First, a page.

Thursday, August 6, 2009

"Never mind the whys and wherefores..."

(Title courtesy of Gilbert & Sullivan's "HMS Pinafore", which was the first musical I ever went to see. It contains some of what is still my favourite music after all these years.)

I'm posting this on the off-chance that I might ever need a FAQ page. Stranger things have happened, after all. :)

Why do I call myself a "Surprised Christo-Pagan?"

I call myself a Christo-Pagan because while I do involve myself in things like Goddess worship, divination (more as a means of seeing what's in my subconscious mind than what's in my future), Reiki, meditation and rituals I've constructed based on information gained in my "Wicca 101" days, I also find great comfort and spiritual benefit in things like saying the rosary and being involved in Christian worship. I can't turn my back on either system of belief because they are both a powerful part of who and what I am.

I spell it "Christo-Pagan" rather than "Christopagan" because I don't want to privilege one side of my path over the other.  (I could probably try to even them out by alternating the letters in "Pagan" and "Christian," therefore calling myself a "Pcahgrainstian" or a "Cphargiasntian," but that would be silly.)  And although I may use the term "Christo-Pagan" more often than "Pagan Christian", largely because it's not quite so cumbersome, I will probably use the terms interchangeably—much as I use the terms "violin" and "fiddle", which refer to the same instrument, depending on which kind of music it's used to play.

Please don't think it's ever been easy to reconcile the two. I'm very much aware that I'm on very shaky theological ground here on at least one side of the equation—Christianity traditionally disapproves of pretty much everything I do as a Pagan; if it weren't for a core belief of mine, the belief that all deities are faces of a "God behind the Gods", I would be violating both the first of the Ten Commandments and rejecting the very statement of faith that I make every Sunday when I recite the Apostles' Creed (or the Nicene Creed on the Sundays when we use the Book of Common Prayer), and even so, I am quite arguably still doing those things because "All the Gods are one God" still isn't a Judeo-Christian belief, strictly speaking. I pray for guidance every time I take communion and every time I celebrate a Sabbat or an Esbat. I'm not picking up any signs of disapproval yet, but I'm aware that it could very well be because I'm not listening the right way and I'm still looking for a lot of answers.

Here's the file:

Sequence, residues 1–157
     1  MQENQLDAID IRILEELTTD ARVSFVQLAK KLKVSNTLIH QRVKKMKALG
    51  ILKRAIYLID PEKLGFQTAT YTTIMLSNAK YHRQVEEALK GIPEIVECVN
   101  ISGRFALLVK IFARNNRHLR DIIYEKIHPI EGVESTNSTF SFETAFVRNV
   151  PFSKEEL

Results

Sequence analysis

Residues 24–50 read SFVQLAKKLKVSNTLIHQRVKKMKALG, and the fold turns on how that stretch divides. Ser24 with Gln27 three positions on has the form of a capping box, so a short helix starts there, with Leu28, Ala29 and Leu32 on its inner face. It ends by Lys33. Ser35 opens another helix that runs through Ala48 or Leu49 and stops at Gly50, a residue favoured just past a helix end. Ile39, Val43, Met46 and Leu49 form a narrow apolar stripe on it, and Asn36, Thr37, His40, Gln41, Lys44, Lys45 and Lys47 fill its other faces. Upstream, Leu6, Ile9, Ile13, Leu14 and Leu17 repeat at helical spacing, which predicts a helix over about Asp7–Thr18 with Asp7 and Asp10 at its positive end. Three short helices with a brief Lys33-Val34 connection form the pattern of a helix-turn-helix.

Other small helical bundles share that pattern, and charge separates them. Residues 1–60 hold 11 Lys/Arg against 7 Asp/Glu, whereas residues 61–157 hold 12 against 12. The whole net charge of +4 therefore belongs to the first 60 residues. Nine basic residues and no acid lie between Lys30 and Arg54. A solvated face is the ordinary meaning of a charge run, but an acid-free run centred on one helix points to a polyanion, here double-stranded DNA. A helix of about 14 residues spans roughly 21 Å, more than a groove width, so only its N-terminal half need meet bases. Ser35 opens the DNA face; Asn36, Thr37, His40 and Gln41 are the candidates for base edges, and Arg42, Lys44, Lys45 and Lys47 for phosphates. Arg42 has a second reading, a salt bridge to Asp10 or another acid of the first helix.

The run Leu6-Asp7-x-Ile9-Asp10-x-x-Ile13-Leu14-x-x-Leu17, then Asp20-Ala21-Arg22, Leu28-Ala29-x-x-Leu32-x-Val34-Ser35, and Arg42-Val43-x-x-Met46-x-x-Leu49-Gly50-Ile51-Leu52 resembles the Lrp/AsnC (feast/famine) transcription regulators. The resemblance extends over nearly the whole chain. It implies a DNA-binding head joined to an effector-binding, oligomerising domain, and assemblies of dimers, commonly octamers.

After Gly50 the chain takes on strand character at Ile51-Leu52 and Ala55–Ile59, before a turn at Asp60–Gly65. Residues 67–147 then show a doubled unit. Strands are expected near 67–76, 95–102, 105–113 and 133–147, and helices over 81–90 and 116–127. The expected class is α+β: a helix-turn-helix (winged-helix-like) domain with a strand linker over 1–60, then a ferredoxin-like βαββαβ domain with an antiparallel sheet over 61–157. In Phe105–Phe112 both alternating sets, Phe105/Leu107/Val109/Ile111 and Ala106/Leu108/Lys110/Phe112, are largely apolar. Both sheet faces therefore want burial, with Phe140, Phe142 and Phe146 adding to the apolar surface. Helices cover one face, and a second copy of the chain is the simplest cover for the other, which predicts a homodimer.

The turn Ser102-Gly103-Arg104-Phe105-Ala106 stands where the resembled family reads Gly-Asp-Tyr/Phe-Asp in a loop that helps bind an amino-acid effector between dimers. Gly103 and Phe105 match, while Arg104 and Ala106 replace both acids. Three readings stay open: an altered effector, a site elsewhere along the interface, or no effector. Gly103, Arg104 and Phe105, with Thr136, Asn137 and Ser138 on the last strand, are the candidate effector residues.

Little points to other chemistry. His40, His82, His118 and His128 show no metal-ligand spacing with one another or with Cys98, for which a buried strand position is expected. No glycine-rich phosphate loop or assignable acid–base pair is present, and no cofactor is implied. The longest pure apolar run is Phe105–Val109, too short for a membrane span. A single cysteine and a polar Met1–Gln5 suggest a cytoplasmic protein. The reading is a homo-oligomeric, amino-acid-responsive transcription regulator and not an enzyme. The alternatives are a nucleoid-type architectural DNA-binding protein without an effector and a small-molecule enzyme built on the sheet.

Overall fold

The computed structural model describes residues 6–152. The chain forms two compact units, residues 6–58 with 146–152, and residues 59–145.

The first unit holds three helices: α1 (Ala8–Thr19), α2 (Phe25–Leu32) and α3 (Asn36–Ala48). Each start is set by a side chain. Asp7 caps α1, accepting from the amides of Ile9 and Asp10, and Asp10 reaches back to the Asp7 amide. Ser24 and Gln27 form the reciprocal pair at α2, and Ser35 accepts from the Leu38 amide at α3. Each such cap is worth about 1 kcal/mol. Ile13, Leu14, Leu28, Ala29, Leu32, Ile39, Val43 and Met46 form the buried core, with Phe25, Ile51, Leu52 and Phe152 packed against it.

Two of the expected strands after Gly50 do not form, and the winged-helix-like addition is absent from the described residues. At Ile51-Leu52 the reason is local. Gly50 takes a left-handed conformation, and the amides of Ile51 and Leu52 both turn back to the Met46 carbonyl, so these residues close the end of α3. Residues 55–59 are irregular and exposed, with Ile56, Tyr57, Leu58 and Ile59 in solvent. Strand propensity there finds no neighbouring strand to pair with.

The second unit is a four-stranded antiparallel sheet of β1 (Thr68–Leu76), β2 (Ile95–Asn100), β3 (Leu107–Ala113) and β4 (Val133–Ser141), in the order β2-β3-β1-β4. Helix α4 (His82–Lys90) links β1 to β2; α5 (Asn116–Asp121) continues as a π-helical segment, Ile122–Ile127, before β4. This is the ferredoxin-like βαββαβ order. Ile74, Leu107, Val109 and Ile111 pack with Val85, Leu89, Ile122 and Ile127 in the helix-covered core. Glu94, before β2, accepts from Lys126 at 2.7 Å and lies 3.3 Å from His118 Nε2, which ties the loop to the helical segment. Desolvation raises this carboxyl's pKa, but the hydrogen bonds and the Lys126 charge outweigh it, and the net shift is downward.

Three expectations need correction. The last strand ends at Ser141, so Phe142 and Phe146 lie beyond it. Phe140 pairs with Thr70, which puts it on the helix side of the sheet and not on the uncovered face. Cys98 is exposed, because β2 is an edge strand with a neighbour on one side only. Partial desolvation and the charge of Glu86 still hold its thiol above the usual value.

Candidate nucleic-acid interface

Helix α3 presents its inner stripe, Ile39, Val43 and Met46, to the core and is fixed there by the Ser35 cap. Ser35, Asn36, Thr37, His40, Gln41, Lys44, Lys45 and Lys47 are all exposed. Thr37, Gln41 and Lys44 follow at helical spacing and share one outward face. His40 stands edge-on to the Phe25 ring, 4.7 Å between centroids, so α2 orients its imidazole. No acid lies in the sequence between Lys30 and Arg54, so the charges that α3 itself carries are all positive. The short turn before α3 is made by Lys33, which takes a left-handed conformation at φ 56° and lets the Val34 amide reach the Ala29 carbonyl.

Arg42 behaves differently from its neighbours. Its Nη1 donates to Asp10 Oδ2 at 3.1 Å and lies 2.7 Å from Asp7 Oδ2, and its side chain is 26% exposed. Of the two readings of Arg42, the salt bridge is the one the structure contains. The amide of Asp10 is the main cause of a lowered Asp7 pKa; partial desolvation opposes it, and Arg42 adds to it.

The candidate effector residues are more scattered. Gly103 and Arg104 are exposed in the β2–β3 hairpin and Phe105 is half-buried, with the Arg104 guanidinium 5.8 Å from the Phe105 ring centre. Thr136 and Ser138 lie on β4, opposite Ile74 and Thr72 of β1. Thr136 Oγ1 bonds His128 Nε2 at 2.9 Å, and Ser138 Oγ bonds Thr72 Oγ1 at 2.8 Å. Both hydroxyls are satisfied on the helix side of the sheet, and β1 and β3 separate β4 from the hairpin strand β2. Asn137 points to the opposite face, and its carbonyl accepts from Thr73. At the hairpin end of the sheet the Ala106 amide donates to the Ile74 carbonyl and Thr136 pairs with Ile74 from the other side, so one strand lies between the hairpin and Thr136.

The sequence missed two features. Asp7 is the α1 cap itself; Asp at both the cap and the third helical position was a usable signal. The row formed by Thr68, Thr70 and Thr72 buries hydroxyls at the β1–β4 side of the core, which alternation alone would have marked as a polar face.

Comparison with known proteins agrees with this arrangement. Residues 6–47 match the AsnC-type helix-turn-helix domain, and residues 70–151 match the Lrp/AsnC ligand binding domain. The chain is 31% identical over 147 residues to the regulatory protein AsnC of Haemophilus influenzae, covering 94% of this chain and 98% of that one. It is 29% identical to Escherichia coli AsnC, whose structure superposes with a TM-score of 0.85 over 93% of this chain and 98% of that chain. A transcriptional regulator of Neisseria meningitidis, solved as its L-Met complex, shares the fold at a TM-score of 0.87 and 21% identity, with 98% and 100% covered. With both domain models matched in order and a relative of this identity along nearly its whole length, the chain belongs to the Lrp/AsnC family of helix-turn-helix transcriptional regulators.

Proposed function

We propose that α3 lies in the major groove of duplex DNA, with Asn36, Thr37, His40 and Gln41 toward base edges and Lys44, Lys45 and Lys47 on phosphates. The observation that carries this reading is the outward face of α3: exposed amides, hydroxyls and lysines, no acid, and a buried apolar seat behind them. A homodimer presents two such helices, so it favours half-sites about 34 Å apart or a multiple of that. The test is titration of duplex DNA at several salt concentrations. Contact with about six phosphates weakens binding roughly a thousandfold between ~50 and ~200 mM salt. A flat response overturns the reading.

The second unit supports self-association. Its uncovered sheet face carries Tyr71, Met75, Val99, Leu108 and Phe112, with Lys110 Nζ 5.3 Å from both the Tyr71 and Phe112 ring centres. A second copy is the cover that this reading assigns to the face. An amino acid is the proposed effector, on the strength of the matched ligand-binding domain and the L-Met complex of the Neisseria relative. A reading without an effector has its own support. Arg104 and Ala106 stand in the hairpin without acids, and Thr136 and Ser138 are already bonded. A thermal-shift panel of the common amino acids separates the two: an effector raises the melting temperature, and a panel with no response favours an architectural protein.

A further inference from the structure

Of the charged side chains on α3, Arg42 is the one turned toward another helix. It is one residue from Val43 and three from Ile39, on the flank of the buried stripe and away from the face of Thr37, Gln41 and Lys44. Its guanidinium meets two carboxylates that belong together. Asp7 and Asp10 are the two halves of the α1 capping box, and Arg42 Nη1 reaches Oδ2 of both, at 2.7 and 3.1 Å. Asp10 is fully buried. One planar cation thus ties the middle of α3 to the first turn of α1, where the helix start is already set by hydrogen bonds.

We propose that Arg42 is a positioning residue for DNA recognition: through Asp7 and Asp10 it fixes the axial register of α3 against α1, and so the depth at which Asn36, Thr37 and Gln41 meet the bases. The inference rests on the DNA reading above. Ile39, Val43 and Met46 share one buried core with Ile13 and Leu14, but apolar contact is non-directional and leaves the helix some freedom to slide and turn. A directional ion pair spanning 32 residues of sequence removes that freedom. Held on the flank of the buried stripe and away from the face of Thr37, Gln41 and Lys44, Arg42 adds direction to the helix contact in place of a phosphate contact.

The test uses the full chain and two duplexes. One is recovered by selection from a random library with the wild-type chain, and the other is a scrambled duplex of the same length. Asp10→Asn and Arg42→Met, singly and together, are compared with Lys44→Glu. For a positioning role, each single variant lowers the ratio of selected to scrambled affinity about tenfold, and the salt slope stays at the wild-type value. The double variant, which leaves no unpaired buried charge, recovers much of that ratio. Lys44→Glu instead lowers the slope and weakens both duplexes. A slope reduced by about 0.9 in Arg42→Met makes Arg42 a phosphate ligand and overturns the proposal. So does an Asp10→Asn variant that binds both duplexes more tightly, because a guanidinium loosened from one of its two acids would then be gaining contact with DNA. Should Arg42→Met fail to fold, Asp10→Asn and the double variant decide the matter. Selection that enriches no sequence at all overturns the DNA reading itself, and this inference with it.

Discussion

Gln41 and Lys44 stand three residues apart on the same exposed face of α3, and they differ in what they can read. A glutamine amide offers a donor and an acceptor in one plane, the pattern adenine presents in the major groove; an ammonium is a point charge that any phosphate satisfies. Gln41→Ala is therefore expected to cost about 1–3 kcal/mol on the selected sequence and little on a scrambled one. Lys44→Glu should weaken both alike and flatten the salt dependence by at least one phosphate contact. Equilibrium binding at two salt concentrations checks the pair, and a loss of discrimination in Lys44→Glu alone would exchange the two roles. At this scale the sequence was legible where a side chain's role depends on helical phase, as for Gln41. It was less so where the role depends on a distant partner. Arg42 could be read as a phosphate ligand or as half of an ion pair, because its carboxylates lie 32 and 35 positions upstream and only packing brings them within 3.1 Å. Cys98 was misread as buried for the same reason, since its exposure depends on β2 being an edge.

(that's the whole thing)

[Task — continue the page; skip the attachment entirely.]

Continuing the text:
Neopaganism may be more lenient (in theory, at least) because "Neopaganism" is really just an umbrella term for a collection of various modern faiths that have been influenced by what's known about pre-Christian religions (and in many cases, a heavy dose of Gerald Gardner), but from what I've seen online, a lot of Pagans must be allergic to Christians—I've lost track of the times when, while I've been looking at the news on Wren's Nest over at the Witches' Voice, I've seen an article relating to Christianity where people have left comments ranting about EVIL HYPOCRITICAL XTIANS BOOGA BOOGA BOOGA. Much as the GLBTQ community tends to look askance at bisexuals, even if they're part of the name, and much as the medical community apparently hates fat people, Pagans and Christians alike tend to look at those of us who try to blend the faiths as if we're unnatural and threatening freaks, fence-sitters who should just place ourselves on one side or the other. After all, two paths that are (ideally, at least) dedicated to compassion, love and making the world a better place are bound to be mortal enemies. *sigh*